Which measures are you taking to improve Oikocredit’s financial results going forward?

Our updated strategy, where we decided to focus on three sectors and 33 growth countries, is the main step we’ve taken to address this. And combined with that focus, we aim for growth along with cost reduction. There is a good balance that we need to strike in order to continue to serve our partners and have a local presence, while being as efficient as possible.

Improving our margins on loans to better reflect the costs made in order to make the funds available is also another area that fits into our overall strategy. This will help us to be more financially stable and to be in the best position possible to support our partners. We will also continue to invest in equity, which generally produces a higher return. Equity is riskier, but with the growth of our total portfolio we are able to take additional equity on board.

Read Oikocredit’s updated strategy.

Can you see the implementation of the updated strategy already affecting Oikocredit’s financial results?

We already see a small reduction in costs and a gradual improvement in margins. But the implementation of the strategy is ongoing, so we really plan to see the effects of the changes at the end of 2019.

You can read more on these changes and how they will impact Oikocredit in this interview with our Director of Investments, Bart van Eyk.  

The Managing Board is proposing a dividend of 1%. How did you arrive at this proposal?

This proposal was made very much in the cooperative spirit. Financially we can afford to pay out a 1% dividend, but we didn’t only look at this from a financial perspective. We also considered what would be a better solution for the long term, especially for our members and investors.

The Managing Board anticipated a low net income and as a result, we expected that we would need to pay the majority of the dividend out of the reserves. We then had several conversations with our Support Associations and members to investigate various options including no dividend, a 0.5% dividend, a 1% dividend etc..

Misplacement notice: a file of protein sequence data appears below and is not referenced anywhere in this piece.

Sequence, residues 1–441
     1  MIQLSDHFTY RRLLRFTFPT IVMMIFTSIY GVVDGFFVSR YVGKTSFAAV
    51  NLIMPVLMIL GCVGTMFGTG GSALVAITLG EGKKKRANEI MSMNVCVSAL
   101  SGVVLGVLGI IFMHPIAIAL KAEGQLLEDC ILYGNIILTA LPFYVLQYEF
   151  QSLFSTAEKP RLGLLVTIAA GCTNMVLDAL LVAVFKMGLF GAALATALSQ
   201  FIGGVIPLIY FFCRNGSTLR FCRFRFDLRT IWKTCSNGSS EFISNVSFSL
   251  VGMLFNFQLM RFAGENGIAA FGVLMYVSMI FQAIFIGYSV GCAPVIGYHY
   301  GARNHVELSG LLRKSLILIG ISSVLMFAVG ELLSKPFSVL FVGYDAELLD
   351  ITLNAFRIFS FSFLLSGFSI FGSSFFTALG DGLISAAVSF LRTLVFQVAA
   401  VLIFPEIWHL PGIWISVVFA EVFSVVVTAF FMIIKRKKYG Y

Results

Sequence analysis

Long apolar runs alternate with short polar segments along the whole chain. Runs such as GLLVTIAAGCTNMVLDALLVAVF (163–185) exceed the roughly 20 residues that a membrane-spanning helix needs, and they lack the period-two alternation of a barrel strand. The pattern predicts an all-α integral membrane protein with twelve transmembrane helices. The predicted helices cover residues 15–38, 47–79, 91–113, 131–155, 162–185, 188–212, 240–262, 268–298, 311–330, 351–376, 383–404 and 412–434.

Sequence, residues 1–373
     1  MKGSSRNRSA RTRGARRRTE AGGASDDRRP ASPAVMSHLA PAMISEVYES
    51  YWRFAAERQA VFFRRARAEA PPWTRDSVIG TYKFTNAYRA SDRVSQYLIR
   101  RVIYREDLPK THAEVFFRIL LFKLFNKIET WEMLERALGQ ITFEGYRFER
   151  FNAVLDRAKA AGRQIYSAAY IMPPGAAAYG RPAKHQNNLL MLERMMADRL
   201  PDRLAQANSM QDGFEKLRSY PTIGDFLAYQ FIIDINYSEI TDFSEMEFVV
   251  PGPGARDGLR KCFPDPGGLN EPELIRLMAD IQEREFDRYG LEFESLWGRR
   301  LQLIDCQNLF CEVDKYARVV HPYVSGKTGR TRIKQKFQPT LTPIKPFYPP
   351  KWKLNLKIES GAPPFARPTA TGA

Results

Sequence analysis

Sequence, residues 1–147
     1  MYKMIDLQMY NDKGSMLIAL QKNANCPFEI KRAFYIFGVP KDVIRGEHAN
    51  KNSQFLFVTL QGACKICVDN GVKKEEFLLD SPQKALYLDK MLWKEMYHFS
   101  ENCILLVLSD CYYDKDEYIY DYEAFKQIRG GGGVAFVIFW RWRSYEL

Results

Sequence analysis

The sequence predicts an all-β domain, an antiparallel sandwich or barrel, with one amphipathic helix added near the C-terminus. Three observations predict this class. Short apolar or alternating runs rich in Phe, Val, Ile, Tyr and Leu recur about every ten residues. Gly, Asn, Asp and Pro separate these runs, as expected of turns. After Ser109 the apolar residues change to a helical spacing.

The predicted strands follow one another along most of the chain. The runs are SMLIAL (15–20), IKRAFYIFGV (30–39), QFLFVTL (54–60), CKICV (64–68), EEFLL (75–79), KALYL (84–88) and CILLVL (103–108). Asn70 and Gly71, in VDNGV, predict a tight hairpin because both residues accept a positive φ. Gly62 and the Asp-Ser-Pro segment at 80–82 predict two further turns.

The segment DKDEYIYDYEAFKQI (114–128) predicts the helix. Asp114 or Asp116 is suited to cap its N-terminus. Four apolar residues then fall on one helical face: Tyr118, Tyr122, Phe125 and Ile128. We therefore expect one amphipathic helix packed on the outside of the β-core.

We asked for feedback on how members and investors would respond to these options while also looking at the financial resilience of Oikocredit.

The 1% dividend is a proposal from the Managing Board, endorsed by the Supervisory Board.  However, the final decision on the dividend is always made by the members of our cooperative at the annual general meeting in June.

In Oikocredit’s updated strategy, it states that social impact comes first. But is that getting in the way of Oikocredit’s financial success?

I’m actually convinced that the two – social impact and financial sustainability – go hand in hand. We believe that a multidimensional approach delivers the best results.

We look at both the social impact of our partners, and their risks and returns. It’s not sustainable or helpful to an organisation if we see that they are not going to be successful in the long run and still invest in them. 

There are definitely times that we take a higher risk financially because some organisations focus on achieving a really high social impact, but we try to have a good balance. In these instances, we work with our partners to help them improve their risk management and financial sustainability. A great example of this is our Price Risk Management programme.

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Oikocredit Canada Support Association
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192 Spadina Avenue (Suite 300)
Toronto ON M5T 2C2
workT: 1-647-546-2393